Ideal location… I’d love to spend some time and develop work at the developing COSM Art Sanctuary http://www.cosm.org/, the dynamic from working together in a dedicated space with like minded individuals is invaluable. I also want to return to the wire instrument I built with Alan Lamb in Wagga Wagga NSW and interface the modular with it sometime soon, but again its time….
First Piece of Gear? The Last?
Two pieces almost at the same time- a Roland R5 Human Rhythm Composer and a Casio CZ101. These were bought just after the summer noise sessions and were thrown into the cacophony, I had no idea on how to use them, it was just turn em on, hit a key or pad and when a interesting sound occurred, try to remember what I did, which led to some uncomfortable situations while playing live, those spots where you fumble thru a table full of equipment looking for the device that is shattering all the glass behind the bar.
Last bit of kit was a Flight Of Harmony Choices Joystick, Flight makes such great stuff and is a shining example of the development of the euro format! I’m waiting impatiently for the FOH noise/osc module.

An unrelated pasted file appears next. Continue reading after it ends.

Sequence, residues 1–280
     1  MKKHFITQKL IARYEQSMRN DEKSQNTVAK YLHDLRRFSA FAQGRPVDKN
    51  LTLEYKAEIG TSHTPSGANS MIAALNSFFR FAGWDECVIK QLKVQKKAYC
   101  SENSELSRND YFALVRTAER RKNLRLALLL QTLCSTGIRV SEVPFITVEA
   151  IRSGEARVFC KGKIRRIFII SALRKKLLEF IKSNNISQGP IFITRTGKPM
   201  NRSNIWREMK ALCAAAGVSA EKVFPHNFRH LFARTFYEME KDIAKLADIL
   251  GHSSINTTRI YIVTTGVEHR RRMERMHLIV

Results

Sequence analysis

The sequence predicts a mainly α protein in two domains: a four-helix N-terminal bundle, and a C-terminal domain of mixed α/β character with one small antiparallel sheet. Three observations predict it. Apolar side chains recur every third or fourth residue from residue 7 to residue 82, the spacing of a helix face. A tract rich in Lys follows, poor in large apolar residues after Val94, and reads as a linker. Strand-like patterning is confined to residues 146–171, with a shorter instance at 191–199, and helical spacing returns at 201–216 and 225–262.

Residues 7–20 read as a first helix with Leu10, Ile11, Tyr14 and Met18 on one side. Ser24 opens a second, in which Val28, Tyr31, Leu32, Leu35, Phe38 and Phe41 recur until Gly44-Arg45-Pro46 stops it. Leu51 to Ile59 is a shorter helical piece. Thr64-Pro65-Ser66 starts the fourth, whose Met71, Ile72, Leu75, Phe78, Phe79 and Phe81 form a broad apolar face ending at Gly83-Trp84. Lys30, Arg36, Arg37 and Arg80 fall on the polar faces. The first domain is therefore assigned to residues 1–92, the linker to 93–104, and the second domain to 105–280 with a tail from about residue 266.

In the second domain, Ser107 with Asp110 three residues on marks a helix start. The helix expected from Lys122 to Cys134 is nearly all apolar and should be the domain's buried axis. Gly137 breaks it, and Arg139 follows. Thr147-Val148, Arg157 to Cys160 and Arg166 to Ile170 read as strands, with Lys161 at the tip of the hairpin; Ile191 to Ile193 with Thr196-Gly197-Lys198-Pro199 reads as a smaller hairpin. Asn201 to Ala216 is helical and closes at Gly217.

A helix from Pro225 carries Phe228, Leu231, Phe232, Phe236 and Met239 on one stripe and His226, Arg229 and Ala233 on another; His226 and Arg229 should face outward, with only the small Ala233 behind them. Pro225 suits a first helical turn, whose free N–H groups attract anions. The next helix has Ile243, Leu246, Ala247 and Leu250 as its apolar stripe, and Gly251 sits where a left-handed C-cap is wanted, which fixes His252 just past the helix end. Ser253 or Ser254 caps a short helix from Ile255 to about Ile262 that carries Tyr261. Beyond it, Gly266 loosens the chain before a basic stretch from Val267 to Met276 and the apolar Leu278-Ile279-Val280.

What is on your current 'wish list' for new hardware or software?
Some new powered monitors would be about it. After 10 years of buying and trading stuff my music making equipment has just about hit a perfect set up (if there is such a thing). The modular will continue to evolve and grow, I have a desk full of PCB’s to build, but recently there is not a single piece of equipment I’m wishing for, gearlust can be a dangerous production assistant for me.
The mobile setup and live set up are basically the same, consisting of the modular suitcase, Macbook Pro for modular & vocal processing in Live plus Quartz Composer for visuals, some pedals, an X-station for audio interface and midi control duty and an Evolution X-Session for Quartz Composer control. Now it’ll be interesting to see if I can swap out the X-station with the Kore and lighten the load a bit.